Choosing which college to enroll in can be daunting. For LGBTQ students, how they are welcomed is often the deciding factor.
During “Longhorn Pride” this Friday, a visit organized by the Office of Admissions and the Gender and Sexuality Center, prospective students will be able to explore the University’s LGBTQ resources and meet with current queer-identifying students and alumni.
Visitors will include admitted students, high school students who have not started a college application and prospective transfer students. Students will hear presentations on LGBTQ campus support related to topics like housing, mental health and safety.
James Tolleson, assistant director of admissions and director of visitor services, said this is the first visit day focused on LGBTQ students at UT and in Texas. The purpose of the event is to help LGBTQ students make a better, more informed college decision, Tolleson said.
“As an office, but also as a University, (we want) to have a symbolic demonstration that absolutely we care about and value LGBTQA+ students,” Tolleson said.
The event’s planning comes a year after the University released its Diversity and Inclusion Action Plan, which included efforts to increase LGBTQ inclusion, Tolleson said.
Advertising senior Arturo Compean, who identifies as gay, said it is important for UT to communicate resources available to LGBTQ students because it makes them feel accepted and cared for.
“Students who come from smaller towns like me … have to hide a major part of who we are until we can find a safe place,” Compean said in an email. “Giving students the chance and the knowledge that this is happening is a big deal. It reminds new students that the world isn’t always so bad, and that there are welcoming people in the world, and thankfully UT is one of them.”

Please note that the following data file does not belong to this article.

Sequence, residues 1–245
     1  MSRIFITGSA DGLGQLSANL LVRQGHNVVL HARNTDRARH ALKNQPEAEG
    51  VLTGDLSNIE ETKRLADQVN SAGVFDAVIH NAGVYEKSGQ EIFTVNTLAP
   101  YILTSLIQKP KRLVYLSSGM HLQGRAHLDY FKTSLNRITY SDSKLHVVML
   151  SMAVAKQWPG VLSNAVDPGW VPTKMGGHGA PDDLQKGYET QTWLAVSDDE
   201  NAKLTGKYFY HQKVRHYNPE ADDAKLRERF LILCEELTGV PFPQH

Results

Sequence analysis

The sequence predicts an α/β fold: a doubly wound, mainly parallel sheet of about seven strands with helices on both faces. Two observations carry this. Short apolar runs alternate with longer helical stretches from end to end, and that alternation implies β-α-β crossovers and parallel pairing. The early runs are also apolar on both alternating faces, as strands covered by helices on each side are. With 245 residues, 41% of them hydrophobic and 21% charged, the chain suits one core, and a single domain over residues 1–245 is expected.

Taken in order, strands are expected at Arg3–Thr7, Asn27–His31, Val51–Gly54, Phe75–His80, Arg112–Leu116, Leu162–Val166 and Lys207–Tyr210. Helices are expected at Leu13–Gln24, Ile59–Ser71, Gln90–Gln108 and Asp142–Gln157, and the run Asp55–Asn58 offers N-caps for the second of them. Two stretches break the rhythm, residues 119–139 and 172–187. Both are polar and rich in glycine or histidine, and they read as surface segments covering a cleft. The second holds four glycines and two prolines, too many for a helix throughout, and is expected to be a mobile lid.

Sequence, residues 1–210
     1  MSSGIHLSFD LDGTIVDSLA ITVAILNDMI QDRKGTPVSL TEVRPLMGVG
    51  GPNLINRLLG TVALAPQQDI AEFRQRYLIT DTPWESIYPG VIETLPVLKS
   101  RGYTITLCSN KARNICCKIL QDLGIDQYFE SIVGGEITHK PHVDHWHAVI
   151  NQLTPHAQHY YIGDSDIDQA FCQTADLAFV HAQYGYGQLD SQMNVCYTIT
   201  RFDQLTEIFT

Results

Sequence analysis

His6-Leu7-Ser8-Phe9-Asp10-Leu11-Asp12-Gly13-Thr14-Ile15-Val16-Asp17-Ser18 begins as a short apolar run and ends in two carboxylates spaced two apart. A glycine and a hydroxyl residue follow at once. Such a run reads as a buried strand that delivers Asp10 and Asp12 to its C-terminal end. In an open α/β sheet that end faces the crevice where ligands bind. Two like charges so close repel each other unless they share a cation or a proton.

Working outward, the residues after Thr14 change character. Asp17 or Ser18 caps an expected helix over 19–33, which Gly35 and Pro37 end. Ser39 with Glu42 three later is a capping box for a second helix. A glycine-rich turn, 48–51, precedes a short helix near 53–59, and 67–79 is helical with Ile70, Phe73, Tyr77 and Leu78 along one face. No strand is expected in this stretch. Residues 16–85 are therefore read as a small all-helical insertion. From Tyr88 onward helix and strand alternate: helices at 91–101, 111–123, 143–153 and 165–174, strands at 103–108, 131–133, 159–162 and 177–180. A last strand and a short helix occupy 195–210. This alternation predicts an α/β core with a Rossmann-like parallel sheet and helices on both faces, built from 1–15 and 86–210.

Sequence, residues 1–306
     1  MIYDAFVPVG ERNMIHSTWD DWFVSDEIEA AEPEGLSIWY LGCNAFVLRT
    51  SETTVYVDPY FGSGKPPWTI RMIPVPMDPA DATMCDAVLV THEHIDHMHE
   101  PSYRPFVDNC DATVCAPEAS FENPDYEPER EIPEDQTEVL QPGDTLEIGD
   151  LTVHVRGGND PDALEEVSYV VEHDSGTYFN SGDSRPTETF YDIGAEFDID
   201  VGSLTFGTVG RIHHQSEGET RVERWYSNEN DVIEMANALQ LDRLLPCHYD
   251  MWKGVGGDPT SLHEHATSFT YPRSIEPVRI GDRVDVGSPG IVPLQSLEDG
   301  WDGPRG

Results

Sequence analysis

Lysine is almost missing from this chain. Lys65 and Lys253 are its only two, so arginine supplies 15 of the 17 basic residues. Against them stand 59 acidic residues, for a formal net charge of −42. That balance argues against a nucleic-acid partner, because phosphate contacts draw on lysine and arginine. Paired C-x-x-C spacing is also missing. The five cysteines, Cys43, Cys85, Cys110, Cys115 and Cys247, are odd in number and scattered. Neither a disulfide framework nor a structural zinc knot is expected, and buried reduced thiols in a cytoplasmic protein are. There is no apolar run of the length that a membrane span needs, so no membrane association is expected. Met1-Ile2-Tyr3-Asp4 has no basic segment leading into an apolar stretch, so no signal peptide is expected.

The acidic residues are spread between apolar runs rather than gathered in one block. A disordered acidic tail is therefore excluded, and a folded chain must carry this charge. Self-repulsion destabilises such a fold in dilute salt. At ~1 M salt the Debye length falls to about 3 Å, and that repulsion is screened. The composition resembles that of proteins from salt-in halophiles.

As a graduate assistant in the admissions office, Sawyer Tedder said creating this event has been his dream since he started graduate school.
“The University’s Diversity and Inclusion Action Plan really did open a path to … having an event and a day like this where queer students can feel supported … not just when they got here but during the application process and through the college decision process,” said Tedder, co-coordinator of the event and an educational leadership and policy graduate student.
Tedder said he hopes the program will grow and set an example for other schools to include queer-identifying students in the whole admissions process.
“In a national picture, (our goal is) to kind of push the conversations for looking at how are we best serving queer students at the establishment of a university and hopefully trying to make a safer and nicer place for queer students to be,” Tedder said.
Xandria Hernandez, who will be a UT freshman later this fall, said she was interested in coming to the event because of her passion for LGBTQ advocacy. Hernandez said she was inspired seeing many future UT students being open about their identity in the UT Class of 2022 Facebook group.
“A lot of times LGBTQ students could feel out of place,” Hernandez said. “It’s nice to see that there (are) people that are comfortable enough with themselves that they will come out and make other people feel like they can find each other.”